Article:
Security was top of mind on Wednesday, as Lookout Mobile Security reported that there are now hacked websites targeting Android devices with a new Android Trojan called NotCompatible, an attack vector previously only used to infect PCs with malware.
Lookout called the development “the first time hacked websites are being used to specifically target mobile devices.” Malware threats to Android phones in the past have largely come via apps.
In other news, just 5 percent of Android devices are running the latest version of the mobile operating system, Ice Cream Sandwich, according to stats released this week by Google.
Meanwhile, the streaming music service Spotify finally launched an iPad app. The Spotify for iPad app, which is now available in the App Store, lets users of Apple’s coveted tablet browse and play tracks from Spotify’s catalog of 17 million songs. iPad owners can enjoy the app for free during a 30-day trial, but will need to shell out $9.99 a month for a Spotify premium subscription to continue using it after the trial period.
And, if you’re in the market for a new Amazon Kindle, then don’t head to Target. The popular retailer confirmed yesterday that it will stop selling Amazon’s Kindle devices in the coming weeks. Kindle devices have already been pulled from the Target website. Searches for “Amazon Kindle” just bring up Kindle covers.
Also topping tech headlines on Wednesday:
- Nokia Sues HTC, RIM, ViewSonic for Patent Infringement: The handset maker sued the companies in the U.S. and Germany for infringing on 45 of its patents.
- Introducing Fastest Mobile Networks 2012: PCMag is starting its annual survey of cellular data networks. This year we’re driving across the U.S. testing five carriers in 30 cities.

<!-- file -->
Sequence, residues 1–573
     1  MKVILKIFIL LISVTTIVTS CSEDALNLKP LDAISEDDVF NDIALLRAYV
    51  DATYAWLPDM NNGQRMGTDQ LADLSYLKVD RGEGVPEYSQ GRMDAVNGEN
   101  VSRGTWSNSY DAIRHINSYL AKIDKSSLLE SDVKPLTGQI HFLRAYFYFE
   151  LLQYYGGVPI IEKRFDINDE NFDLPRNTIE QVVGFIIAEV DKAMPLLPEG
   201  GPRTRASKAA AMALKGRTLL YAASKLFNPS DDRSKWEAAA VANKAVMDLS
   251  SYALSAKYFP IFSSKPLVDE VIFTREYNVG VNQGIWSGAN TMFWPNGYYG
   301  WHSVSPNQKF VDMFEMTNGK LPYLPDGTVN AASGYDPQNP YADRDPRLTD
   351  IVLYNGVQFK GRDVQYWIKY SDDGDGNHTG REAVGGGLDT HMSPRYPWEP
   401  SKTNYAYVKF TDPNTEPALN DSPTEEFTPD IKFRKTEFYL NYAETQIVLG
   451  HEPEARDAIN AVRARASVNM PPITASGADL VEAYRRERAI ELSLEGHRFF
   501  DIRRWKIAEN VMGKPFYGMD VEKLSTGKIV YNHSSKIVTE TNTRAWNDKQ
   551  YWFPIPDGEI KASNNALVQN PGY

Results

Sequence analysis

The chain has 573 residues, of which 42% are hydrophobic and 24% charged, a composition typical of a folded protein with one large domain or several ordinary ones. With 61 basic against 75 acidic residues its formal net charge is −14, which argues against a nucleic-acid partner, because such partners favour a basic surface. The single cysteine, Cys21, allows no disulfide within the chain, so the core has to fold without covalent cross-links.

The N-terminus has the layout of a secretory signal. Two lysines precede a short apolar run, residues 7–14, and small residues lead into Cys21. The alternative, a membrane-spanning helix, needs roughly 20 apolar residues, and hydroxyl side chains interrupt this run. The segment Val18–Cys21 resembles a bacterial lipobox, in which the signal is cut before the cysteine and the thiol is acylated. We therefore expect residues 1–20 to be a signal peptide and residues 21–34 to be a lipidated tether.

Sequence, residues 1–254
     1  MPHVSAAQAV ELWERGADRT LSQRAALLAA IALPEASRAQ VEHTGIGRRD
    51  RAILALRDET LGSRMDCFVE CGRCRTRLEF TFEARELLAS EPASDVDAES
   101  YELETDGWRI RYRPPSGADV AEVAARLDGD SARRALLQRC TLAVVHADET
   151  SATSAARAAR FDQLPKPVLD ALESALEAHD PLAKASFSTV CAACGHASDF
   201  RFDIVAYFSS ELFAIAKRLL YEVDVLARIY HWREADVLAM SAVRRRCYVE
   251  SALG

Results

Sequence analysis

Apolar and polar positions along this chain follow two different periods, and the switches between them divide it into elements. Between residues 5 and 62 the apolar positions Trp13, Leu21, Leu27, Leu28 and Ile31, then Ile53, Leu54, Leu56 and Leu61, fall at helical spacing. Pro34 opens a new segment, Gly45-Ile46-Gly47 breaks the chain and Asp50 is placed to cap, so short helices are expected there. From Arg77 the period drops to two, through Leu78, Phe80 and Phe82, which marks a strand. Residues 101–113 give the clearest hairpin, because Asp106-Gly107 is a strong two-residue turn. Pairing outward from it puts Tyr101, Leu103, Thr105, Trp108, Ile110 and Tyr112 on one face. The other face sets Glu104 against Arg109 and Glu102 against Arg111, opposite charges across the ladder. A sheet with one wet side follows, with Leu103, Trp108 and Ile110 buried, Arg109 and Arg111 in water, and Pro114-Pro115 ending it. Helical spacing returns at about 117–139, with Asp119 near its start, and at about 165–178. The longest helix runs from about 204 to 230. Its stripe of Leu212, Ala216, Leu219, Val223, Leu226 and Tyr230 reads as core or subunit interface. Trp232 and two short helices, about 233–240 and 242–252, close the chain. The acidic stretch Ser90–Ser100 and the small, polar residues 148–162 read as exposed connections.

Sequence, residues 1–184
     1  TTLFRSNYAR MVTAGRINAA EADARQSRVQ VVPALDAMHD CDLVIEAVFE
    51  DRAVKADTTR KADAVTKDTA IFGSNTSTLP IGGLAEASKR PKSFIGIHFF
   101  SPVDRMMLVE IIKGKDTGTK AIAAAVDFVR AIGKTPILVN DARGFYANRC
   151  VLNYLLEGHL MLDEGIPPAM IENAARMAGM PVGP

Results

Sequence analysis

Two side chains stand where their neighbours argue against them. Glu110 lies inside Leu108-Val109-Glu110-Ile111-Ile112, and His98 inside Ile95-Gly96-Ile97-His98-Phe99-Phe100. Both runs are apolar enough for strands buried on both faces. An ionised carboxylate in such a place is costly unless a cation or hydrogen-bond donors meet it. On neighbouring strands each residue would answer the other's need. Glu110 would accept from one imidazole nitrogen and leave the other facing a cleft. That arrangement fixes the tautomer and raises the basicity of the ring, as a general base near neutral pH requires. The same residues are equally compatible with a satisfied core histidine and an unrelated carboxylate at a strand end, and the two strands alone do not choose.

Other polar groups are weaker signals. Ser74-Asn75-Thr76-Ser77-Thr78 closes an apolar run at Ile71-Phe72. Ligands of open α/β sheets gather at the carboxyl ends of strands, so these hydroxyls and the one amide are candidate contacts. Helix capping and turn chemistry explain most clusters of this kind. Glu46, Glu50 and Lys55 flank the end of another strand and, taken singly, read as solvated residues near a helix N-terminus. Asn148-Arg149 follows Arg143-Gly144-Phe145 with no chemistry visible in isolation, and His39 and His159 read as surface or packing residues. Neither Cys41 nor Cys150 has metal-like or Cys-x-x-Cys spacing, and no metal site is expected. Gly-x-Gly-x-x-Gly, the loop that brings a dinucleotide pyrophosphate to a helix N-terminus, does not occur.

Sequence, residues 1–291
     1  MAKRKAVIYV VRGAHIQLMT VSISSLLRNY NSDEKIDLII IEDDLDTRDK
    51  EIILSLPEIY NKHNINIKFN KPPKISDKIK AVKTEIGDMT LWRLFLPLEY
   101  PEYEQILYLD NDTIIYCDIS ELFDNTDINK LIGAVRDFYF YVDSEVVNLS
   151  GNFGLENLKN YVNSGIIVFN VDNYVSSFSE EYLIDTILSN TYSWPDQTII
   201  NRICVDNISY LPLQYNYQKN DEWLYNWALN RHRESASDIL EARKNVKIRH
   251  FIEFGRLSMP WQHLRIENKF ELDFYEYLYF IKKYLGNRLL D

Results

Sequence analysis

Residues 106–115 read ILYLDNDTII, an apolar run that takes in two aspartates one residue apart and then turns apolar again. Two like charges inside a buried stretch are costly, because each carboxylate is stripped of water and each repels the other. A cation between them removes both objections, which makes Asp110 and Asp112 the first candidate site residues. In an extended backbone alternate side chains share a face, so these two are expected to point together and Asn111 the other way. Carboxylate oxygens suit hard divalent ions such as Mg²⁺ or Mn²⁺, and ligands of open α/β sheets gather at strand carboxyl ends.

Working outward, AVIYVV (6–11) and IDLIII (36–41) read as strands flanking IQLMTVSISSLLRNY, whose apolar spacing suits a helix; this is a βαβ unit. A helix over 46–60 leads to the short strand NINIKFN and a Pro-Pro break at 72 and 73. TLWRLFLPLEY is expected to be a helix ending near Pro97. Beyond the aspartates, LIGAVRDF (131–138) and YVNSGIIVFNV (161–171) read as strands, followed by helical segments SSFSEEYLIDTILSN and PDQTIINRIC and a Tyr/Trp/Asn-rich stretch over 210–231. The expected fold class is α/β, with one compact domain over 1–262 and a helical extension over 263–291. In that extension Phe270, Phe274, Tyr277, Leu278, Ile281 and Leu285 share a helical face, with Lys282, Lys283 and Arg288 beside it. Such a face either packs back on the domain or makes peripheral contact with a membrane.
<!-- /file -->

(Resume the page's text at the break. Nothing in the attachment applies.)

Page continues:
- Microsoft Ditching ‘Windows Live’ Brand: Redmond will ditch the branding in favor of an over-arching “Microsoft account.”
- Pebble Smartwatch Lands First App Partner: RunKeeper: When the watch becomes available this fall, it will be integrated with RunKeeper, allowing cyclists, hikers, walkers, and skiers to track their fitness right from their wrist.
- Dell Unveils Ivy Bridge Desktops, Laptops: If you need a new system that can handle complex tasks or immersive entertainment activities, Dell should have you covered, at least for the foreseeable future.
- $99 Xbox, Kinect Bundle on Tap Next Week?: The package will reportedly come with a 4GB Xbox and cost $15 a month.
- Motorola Awarded Injunction Against Xbox, Windows 7: A German judge granted Motorola an injunction against the Xbox 360 and Windows 7 in its patent battle with Microsoft.
- ESPN Fires Columnist and Alleged Social Media Grifter Sarah Philips: ESPN.com moved fast this week to sever ties with the Playbook columnist after questions about her identity and possible participation in a series of questionable social media-related business deals were raised in a lengthy expose by Deadspin.
- YouTube Makes ‘Wrong Call,’ Reinstates Sexy Kate Upton Video: The video featured the curvy Upton demonstrating the “Cat Daddy,” a dance that apparently involves the dancer writhing provocatively in some sort of cat-like pose.
- Harvard, MIT to Offer Free Online Classes: The schools have each committed $30 million to launch the project, known as “edX.”
- Facebook Adds ‘Action Links’ for Timeline Apps: Action links allow the user to take a direct action within the app itself.
For more from Angela, follow her on Twitter @amoscaritolo.
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Article source: http://www.pcmag.com/article2/0,2817,2403919,00.asp
Tags: Amazon Kindle, Android Trojan, Cat Daddy, Germany, Lookout Mobile Security, MIT